When you’re founder, and have spent a ton of your time building your operations, it can be tempting to try to be the hero who does it all.
As you start to grow from a tiny startup into something that resembles a more mature company, your #1 priority becomes surrounding yourself with incredible leaders who can do their jobs better than you ever did.
The following sayings might not be as full of as much character compared to some of the more colorful southern expressions, but they are great lines to shape your business practices around.
When you lead a company, as opposed to just running it, one of your key responsibilities is managing the mindset of the organization.
There are certain central truths of leadership that remain timeless. Yet, conventional wisdom doesn’t always carry forward to modern times.
For any enterprise to be competitive, continuous learning and improvement are key—but not always easy to achieve.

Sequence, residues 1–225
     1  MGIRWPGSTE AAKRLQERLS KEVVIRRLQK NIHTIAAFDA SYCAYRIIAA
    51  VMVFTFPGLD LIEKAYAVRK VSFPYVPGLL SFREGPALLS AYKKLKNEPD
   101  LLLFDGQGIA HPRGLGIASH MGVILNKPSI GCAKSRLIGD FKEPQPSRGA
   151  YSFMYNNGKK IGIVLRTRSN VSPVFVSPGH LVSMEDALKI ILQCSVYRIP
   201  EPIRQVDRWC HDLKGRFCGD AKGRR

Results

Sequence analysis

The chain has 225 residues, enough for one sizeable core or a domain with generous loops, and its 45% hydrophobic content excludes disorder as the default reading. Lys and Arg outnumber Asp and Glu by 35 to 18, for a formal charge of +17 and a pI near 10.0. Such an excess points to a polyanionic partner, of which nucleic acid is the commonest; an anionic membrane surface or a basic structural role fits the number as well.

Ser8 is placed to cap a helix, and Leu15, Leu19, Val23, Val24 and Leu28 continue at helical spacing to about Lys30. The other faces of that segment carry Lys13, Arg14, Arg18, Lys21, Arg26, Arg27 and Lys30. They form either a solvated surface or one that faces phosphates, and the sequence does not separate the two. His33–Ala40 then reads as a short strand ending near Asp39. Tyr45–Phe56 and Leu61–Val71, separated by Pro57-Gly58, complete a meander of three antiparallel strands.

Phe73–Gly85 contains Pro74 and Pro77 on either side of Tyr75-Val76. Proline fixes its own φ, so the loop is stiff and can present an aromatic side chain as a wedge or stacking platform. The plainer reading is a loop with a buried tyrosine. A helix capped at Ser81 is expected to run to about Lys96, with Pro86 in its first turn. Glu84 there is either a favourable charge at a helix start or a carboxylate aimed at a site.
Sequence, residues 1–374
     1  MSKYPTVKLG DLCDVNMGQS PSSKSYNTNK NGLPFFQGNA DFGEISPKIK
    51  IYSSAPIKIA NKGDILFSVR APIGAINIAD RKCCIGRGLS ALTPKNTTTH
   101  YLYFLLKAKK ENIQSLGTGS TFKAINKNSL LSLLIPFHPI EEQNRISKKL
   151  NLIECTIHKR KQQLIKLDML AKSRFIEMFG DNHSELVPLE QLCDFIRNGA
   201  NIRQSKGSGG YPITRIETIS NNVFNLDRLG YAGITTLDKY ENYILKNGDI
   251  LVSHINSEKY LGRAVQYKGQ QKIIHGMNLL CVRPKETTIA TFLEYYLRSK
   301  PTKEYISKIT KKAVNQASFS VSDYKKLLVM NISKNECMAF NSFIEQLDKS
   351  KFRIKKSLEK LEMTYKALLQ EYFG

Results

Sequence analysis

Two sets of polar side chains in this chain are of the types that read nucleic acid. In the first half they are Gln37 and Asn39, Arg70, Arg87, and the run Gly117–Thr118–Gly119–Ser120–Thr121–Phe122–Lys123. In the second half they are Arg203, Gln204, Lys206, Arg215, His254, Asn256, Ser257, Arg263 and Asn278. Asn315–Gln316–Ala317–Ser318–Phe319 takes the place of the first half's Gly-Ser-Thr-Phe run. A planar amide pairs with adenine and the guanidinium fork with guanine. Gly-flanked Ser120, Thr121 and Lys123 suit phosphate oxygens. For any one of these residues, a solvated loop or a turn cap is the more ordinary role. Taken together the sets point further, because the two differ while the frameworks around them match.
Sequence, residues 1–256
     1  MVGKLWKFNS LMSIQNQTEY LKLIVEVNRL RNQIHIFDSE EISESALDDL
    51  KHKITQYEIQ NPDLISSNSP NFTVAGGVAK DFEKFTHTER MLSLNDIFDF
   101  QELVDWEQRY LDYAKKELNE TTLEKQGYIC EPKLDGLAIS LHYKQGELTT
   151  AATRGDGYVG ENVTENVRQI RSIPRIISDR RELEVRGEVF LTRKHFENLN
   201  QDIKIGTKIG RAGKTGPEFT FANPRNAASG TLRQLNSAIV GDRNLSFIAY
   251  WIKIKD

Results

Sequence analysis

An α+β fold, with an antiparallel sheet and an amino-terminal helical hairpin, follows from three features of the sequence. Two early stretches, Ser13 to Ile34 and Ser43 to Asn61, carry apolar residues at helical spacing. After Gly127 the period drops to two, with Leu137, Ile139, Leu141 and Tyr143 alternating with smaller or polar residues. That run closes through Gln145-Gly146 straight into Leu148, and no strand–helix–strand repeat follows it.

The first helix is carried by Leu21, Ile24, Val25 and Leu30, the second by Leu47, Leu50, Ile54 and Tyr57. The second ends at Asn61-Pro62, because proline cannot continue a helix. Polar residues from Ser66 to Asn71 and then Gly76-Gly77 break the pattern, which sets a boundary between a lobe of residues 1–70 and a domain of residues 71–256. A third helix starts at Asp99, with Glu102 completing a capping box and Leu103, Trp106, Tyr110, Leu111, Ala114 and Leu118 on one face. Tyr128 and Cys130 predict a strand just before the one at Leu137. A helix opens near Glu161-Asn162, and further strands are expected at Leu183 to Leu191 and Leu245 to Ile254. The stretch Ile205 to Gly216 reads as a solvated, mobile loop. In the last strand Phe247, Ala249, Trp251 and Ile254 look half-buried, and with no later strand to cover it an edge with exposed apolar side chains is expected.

Is Tony Hsieh out of touch with his employees? That’s one question you’ll find yourself asking after reading Roger Hodge’s update on Zappos’s organizational transition in The New Republic.
Paul Krugman, the Nobel Prize [winner] in economics, once wrote: “Productivity is not everything, but in the long run, it is almost everything.”
Any successful person will tell you he or she did not get there without the advice and counsel of other wiser men and women. I’m constantly asked by younger people how to find mentors and what to do once you think you’ve encountered one.